I think the fact that my residential area power is underground – and therefore we don’t have all of the little problems – is the reason we have not had any major outages since I’ve lived here.

    I say bury them if you can – especially in residential areas.

  23. rickl Says:

    Here is PECO’s page about how they go about restoring power:

    Restoring service safely and quickly

    Their Outage Map could be more detailed, though. Compare it with ConEd’s.

  24. rickl Says:

    The positive side of an extended power outage is that it gives me an opportunity to thoroughly clean out the inside of my refrigerator and freezer, which I tend not to do otherwise.

    An aside: While I know that raw meat and vegetables should be discarded if they thaw out and/or warm up, what about cooked leftovers? I have several sealed Rubbermaid containers of leftovers in my freezer which thawed, but still stayed cool and I didn’t open them. Are they safe to eat, or should I toss them?

  25. Mr. Frank Says:


    When the health care system and transportation are stressed, it might be wise to take no chances with old food.

  26. Michael Adams Says:

    Mr. Frank pointed out that the very expensive choice to bury lines to prevent a once-in-200-years problem makes little sense. Likewise, people who move to Texas from Northern climes are always astonished that we have no snow plows, nary a one. Then, after they have lived here for a decade and never seen enough snow to plow again, they understand. Life is Montessori for grownups.

  27. DaveindeSwamp Says:

    It’s tough to bury lines in South Louisiana so we adjust and handle it .

  28. sergey Says:

    Power outages are extremely rare in central Russia, where in all urban areas power cables are buried and aerial high-voltage lines have very robust design margin and capable withstand the most terrible weather. In my lifetime there was only one such event five years ago, when short-circuited transformer at a major grid nod caught fire and exploded. This led to a cascade failure, all Moscow region and some near regions had blackout too. This caused complete transport collapse, all railroads halted, all automobile traffic halted too because traffic lights were dead. More than 30 mln people were affected. But nevertheless this 30 ton transformer was replaced in 8 hours, and less than a day all power supply was restored.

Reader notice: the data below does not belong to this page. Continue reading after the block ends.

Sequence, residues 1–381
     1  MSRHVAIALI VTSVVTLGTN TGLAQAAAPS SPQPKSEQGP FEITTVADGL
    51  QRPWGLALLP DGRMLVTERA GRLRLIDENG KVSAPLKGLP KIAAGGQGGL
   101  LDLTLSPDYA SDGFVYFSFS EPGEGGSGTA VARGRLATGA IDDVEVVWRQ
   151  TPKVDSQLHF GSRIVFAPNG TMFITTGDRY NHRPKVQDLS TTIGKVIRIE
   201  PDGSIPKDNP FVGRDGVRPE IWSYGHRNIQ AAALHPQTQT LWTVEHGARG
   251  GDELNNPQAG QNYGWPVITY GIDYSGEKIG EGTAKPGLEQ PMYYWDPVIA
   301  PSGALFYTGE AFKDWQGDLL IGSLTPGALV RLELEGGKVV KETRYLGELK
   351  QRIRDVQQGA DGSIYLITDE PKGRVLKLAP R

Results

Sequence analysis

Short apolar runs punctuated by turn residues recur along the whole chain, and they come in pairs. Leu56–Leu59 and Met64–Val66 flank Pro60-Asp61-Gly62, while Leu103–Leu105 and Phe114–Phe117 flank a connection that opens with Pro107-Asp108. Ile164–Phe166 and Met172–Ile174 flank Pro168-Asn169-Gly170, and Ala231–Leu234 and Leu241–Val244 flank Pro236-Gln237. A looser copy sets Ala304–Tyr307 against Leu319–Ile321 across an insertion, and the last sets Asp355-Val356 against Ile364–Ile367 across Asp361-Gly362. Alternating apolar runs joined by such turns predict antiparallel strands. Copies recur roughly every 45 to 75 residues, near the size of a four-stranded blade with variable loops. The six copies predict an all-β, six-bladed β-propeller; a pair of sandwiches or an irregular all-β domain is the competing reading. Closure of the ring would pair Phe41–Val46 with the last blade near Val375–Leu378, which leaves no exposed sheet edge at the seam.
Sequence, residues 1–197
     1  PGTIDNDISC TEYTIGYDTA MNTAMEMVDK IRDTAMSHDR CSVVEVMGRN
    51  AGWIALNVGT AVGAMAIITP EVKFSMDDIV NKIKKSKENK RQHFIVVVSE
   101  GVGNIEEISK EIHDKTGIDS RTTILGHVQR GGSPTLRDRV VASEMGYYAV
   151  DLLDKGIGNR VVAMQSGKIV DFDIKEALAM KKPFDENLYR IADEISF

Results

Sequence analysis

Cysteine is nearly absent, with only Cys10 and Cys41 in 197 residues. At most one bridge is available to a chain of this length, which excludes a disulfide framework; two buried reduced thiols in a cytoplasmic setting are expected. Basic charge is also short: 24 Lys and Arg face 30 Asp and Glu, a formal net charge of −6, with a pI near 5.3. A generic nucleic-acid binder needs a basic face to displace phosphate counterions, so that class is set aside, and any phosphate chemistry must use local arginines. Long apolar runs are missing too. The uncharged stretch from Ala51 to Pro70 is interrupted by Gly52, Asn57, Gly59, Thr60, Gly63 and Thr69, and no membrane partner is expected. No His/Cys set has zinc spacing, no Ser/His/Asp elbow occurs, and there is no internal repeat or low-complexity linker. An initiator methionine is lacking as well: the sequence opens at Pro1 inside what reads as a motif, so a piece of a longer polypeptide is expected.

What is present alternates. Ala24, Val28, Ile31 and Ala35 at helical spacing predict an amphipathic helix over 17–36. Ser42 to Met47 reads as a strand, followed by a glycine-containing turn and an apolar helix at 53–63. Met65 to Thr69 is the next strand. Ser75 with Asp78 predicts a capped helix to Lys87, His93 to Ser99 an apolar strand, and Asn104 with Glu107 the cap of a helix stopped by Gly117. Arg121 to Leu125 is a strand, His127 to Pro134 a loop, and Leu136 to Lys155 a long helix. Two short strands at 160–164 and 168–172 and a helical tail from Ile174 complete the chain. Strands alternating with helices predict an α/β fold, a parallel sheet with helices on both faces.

29. John Dough Says:

    Michael Adams says……

    “Likewise, people who move to Texas from Northern climes are always astonished that we have no snow plows, nary a one.”

    We have a similar issue here in the Las Vegas valley. Every flood, transplants from the northeast / rust belt / snow belts wonder why we have no storm drain system, until someone tells them we only get 3 1/2″ of rain annually…

    I pee more than that annually.

  30. blert Says:

    Actually, John Dough…

    Las Vegas DOES have a storm surge drainage scheme.

    It relies upon surface level concrete other than a few spots.

    It’s so impressive that a engineering video spelling it all out was broadcast on one of the cable networks less than three years ago.

    Vegas has a history of getting its 3.5″ of rainfall all at once!


    Modern methods refute the assertion that you can’t pull in URD without an open trench. The oil industry can bore seriously large horizontal holes — whereas a mere 5″ is plenty for URD cables.

    Whereas the old HV primary loop cables used to have a braided – naked – neutral conductor on the outside; today’s cables come with a sheath around the braid — precisely to permit horizontal pulling schemes.

    Depending on the power company, plastic tubing — blue for power — orange for datacom — may be pulled first. Once it is in, the cable is pulled in as if it were conventionally trenched and filled PVC pipe.

    There are literally thousands of horizontal drilling machines in use today — a consequence of the datacom boom — all just as suitable for pulling power conductors.

    Take some time and visit Ditch Witch and its peers. They’re on the web.